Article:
The future of Internet broadcasting

Internet broadcasting benefits both consumers and broadcasters through live event Webcasting and video-on-demand services, thus allowing them to pull content that they want to see, whenever and wherever they want to see it.
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The Internet has become a valuable means for retrieving information and accomplishing tasks once limited to the “normal business hours” of commercial industries such as banks and retail stores. Consumers enjoy the benefits of pulling content for their perusal at their convenience. Broadcasting, on the other hand, is a means of pushing content from one point of service to many viewers simultaneously. So how does Internet broadcasting combine the two so that a diverse audience can pull content that they want to see, whenever and wherever they want to view it?

Two modes are available today for Internet broadcasting: live event Webcasting and video-on-demand services. This article focuses on the delivery of streaming media, not downloadable content that is saved to a user's computer. Each model is applicable to different circumstances and utilizes somewhat different technological advances.

Live Webcasting is modeled after the traditional broadcast, whereby viewers log into an event simultaneously. Consumers benefit because they can see and hear corporate announcements, sporting events and concerts no matter where they are, and are not restricted by local channel broadcasts. Broadcasters benefit with a wider geographical reach, including niche markets, for more targeted advertising.

Live Webcasts, as well as traditional broadcasts, may also be offered as video-on-demand streams. These programs are captured and archived in one or more streaming media formats and placed on a streaming media server. Consumers can then access a Web page that links to the media, allowing them to watch an event, the news or a television show at their convenience.

But why bother streaming television programs if higher quality can just as conveniently be recorded and time-shifted with conventional consumer electronic devices or new digital video recorders? Here are reasons to consider Internet broadcasting as a viable business:

  1. The VOD model capitalizes on the “anytime, anywhere” habits of the Internet consumer.
  2. Advanced codec technology and the growing availability of broadband connections to the home translate into streaming media quality that approaches or exceeds VHS.
  3. According to a recent study conducted by Arbitron and Edison Media Research, users spend more time online with higher connection speeds, and less time with traditional media.

With new models for advertising and new technology to deliver rich media to broadband users, the broadcasting world can keep the doors open to these consumers. For instance, content that engages the user and activates their clicking fingers will draw them in and keep them coming back. Advertising may be made more subtle, but just as effective, by embedding product endorsements and URL links into the content.

Technology developments now underway will help fuel the growth of Internet broadcasting. In terms of production, companies such as Anystream, Thomson Grass Valley and Pinnacle have developed systems capable of ingesting audio and video content and making it available in multiple Web formats and at multiple bit rates to accommodate different user connections. These systems help automate the process of repurposing regular television broadcasts for the Internet audience. Future developments will also need to incorporate embedded advertising, URLs and product endorsements that can dynamically target a particular audience or even individual viewers.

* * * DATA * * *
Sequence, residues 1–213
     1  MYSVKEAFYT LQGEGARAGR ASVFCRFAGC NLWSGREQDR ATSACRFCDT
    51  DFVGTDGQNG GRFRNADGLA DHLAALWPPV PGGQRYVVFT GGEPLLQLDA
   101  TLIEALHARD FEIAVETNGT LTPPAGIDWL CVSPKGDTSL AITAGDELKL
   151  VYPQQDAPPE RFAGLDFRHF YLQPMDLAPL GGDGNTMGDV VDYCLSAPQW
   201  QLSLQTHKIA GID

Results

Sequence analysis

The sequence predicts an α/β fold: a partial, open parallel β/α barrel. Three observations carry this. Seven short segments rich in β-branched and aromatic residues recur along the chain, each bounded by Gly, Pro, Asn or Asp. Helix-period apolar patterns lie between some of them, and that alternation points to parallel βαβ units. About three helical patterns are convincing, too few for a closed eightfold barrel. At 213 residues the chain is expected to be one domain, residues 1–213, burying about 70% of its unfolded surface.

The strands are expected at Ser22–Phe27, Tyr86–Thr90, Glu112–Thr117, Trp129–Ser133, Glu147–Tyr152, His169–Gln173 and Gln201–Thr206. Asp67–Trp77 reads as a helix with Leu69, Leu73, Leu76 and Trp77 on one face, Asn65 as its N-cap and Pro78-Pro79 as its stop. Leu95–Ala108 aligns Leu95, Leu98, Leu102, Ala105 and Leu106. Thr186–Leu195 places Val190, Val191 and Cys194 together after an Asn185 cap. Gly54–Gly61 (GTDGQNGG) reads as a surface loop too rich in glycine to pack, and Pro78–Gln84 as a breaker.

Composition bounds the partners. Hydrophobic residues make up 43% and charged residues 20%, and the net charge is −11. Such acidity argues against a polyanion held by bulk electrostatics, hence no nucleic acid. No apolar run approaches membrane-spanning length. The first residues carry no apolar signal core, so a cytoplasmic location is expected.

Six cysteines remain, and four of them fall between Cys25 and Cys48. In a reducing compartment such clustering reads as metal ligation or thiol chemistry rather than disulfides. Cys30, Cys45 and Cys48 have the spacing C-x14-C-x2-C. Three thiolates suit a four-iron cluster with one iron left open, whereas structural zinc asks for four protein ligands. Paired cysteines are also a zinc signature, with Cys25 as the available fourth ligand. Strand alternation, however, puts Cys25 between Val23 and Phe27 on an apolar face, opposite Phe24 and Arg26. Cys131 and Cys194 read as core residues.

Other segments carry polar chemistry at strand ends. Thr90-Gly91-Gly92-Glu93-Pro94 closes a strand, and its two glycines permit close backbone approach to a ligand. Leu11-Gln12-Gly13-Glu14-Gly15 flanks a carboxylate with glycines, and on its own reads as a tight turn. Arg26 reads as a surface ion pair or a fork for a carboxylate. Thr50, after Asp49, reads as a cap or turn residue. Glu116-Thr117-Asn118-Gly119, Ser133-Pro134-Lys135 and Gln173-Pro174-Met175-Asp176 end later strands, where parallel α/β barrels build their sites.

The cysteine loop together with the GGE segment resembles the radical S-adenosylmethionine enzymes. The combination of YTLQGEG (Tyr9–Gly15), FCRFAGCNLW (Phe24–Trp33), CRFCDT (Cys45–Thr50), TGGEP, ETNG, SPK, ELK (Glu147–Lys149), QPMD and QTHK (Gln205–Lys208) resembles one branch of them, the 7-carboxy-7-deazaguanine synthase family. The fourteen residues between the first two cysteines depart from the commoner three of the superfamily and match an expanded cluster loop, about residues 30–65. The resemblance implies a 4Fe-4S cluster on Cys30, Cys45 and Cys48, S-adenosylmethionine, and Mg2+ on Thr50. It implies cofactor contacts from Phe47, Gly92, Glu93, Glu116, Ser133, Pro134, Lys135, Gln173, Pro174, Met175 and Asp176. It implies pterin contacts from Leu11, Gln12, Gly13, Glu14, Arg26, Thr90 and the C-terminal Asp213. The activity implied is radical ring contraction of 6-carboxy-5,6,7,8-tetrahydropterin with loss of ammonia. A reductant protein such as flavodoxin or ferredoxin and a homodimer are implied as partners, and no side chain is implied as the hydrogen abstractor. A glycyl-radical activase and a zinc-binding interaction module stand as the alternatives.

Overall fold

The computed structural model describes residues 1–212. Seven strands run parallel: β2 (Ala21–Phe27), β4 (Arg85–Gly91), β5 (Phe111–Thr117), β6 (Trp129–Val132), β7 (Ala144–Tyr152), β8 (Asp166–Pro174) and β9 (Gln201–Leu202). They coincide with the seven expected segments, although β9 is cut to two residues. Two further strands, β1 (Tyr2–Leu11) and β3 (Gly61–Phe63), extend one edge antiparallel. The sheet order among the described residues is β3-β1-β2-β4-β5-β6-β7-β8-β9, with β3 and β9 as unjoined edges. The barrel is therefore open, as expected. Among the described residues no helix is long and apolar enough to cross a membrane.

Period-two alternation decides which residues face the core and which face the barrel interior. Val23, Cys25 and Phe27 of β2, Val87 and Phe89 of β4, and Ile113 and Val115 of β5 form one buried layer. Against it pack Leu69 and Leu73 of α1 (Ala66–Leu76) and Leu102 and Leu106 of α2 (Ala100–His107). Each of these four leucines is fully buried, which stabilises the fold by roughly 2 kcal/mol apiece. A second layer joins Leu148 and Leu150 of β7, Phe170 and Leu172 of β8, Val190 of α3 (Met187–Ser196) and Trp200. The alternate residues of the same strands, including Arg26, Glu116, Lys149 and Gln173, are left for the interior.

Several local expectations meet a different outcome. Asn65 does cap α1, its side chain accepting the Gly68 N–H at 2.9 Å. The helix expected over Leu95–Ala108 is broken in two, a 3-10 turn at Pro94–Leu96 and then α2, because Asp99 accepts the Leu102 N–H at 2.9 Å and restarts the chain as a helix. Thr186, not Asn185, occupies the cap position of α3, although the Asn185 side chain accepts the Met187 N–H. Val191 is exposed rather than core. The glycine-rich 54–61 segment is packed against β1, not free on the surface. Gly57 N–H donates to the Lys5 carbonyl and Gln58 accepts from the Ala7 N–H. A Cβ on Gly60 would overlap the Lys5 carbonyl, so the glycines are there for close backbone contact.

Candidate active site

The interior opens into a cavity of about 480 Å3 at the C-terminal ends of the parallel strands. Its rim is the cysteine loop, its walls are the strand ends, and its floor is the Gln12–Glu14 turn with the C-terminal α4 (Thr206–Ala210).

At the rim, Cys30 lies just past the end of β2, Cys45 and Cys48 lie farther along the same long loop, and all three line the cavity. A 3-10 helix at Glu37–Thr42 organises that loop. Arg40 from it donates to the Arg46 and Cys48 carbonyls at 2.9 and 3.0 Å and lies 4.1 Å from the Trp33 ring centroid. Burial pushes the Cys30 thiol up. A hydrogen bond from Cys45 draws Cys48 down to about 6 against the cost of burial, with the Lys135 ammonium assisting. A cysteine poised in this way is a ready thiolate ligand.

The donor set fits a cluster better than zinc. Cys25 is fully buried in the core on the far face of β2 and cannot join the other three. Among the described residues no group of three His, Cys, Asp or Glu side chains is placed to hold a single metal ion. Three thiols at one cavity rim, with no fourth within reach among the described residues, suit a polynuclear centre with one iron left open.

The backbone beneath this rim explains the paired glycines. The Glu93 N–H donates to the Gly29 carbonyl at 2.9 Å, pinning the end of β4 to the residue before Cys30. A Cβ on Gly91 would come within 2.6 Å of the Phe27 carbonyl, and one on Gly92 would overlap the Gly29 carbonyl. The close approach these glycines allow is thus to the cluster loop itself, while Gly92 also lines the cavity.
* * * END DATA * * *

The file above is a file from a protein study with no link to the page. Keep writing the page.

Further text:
Figure 1. The edge network of a content delivery network caches or replicates media for more efficient delivery to multiple users. When one server gets overloaded, the client requests can be moved to another server on the network.

Reliable content delivery networks (CDN) have also built out the infrastructure to deliver quality of service (QoS) streams to Internet audiences. They have developed edge server network topologies and advanced network monitoring capabilities so that streams are delivered without buffering or interruptions. Figure 1 illustrates this edge-serving technology, which balances the load of delivering streams across many servers located closer to the point of delivery.

Content producers still need to pay for point-to-point usage of their streams, but bandwidth charges today are half of what they were last year, a trend that will continue as market demands increase. In addition, Internet broadcasting can take advantage of the content management services offered by some CDNs. In this manner, advertisers can tell who's watching what, and even how they are interacting with the streams, in a much more direct way than traditional broadcasting allows. Niche markets and targeted advertising to diverse locations and audiences can actually have a higher ROI if the tools are in place to take advantage of them.

Technology advances will give Internet broadcasters the tools and resources to create and deliver more interactive content to their audience. In the coming year, the development of MPEG-4 applications will offer a broader base of tools for the interactive media production environment. Delivery platforms and devices will continue to expand the market for “anytime, anywhere” consumers retrieving content over many different connections. With the continuing broadband buildout, and new devices and standards on the horizon, perhaps we will finally see true digital convergence in Internet broadcasting.

Barb Roeder is president of Barb Wired LLC, a technology consultancy specializing in the formatting and delivery of digital media. She can be reached through her Web site atwww.barb-wired.net.

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